Siemens mPower Addresses Power Integrity Analysis Challenges in the Analog Hybrid Era
“Today, as the chip capabilities become more and more powerful, the application scope of analog and digital hybrid chips and sensors is also expanding. According to Semico Research, in the technology node range of 5nm to 28nm, the number of analog modules is growing at a compound annual growth rate of 10-15%.
Today, as the chip capabilities become more and more powerful, the application scope of analog and digital hybrid chips and sensors is also expanding. According to Semico Research, in the technology node range of 5nm to 28nm, the number of analog modules is growing at a compound annual growth rate of 10-15%.
Whether battery-powered or wire-powered, low power consumption can bring tangible, practical benefits, including higher power density, longer standby times, and more stable and reliable execution efficiency. For this reason, it is necessary to conduct a comprehensive analysis and evaluation of power management during chip design.
Challenges of Large-Scale Power Integrity Analysis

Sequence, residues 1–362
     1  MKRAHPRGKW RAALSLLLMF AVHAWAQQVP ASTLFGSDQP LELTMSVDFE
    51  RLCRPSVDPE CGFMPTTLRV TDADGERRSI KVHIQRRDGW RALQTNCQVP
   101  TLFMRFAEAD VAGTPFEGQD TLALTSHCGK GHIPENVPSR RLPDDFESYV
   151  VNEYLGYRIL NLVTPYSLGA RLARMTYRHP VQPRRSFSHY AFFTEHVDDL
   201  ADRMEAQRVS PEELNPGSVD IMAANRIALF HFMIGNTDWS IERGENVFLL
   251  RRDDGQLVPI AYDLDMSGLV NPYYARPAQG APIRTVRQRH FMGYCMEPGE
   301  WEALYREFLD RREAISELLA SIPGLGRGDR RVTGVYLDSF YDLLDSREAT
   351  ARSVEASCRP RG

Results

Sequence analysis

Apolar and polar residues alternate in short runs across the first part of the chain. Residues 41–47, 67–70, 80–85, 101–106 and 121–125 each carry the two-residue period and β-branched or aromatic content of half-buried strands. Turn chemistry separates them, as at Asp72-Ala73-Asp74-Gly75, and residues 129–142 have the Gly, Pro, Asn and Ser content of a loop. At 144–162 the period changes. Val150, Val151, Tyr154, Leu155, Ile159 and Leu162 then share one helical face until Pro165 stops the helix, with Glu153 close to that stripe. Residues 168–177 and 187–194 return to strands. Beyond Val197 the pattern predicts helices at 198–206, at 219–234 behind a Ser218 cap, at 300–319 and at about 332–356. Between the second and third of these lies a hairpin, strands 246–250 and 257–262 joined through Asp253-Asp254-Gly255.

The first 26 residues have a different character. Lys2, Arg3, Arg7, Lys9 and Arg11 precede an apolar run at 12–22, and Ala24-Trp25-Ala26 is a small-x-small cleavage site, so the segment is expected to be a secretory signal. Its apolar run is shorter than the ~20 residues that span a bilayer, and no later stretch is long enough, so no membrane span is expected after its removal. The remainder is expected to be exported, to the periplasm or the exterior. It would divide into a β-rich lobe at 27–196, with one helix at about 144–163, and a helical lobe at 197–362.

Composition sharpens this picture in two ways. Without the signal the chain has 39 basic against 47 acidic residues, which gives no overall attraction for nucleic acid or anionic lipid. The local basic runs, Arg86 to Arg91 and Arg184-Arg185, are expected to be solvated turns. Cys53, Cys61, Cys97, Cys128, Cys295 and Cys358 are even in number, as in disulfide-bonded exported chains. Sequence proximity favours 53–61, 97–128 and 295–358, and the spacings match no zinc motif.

Joseph Davis, senior director of product management for Calibre interfaces and mPower’s power integrity analysis tool, Siemens digital industry software, said: “Power analysis not only needs to meet the development of digital technology, but also needs to take into account the intricate sensor and other digital-analog hybrid technology. “
Power integrity is a critical step in both chip design and operation. In order to design a product that meets the goals in terms of power consumption, performance, reliability, etc., a comprehensive evaluation of power integrity is required. However, as sensors, RF, and power management grow in more and more chips, EDA tools have struggled to handle such complex power analysis. At present, designers need to use manual analysis, but the time cost and capital cost of doing so are huge.
Davis explained in detail that today’s tools cannot directly simulate large netlists, which means that it is usually limited to transistor scales of 1-2 million gates. Beyond this scale, analog developers need to block, interblock or chip in a similar way to digital. Level analysis can only be done manually and is not precise enough. For digital design, the existing power analysis scheme is not highly related to the silicon physical layer, which is easy to cause risks. At the same time, there is also a lack of integration of analog-digital hybrid solutions.
In addition, unfriendly interfaces and difficult access to PDK have become barriers that limit EM/IR analysis.
Therefore, the industry needs more efficient EM/IR analysis tools, with higher-level analysis functions, and a complete analog-digital hybrid solution provided by a single supplier, so that it is possible to accelerate the chip development process.
Introduction to EM and IR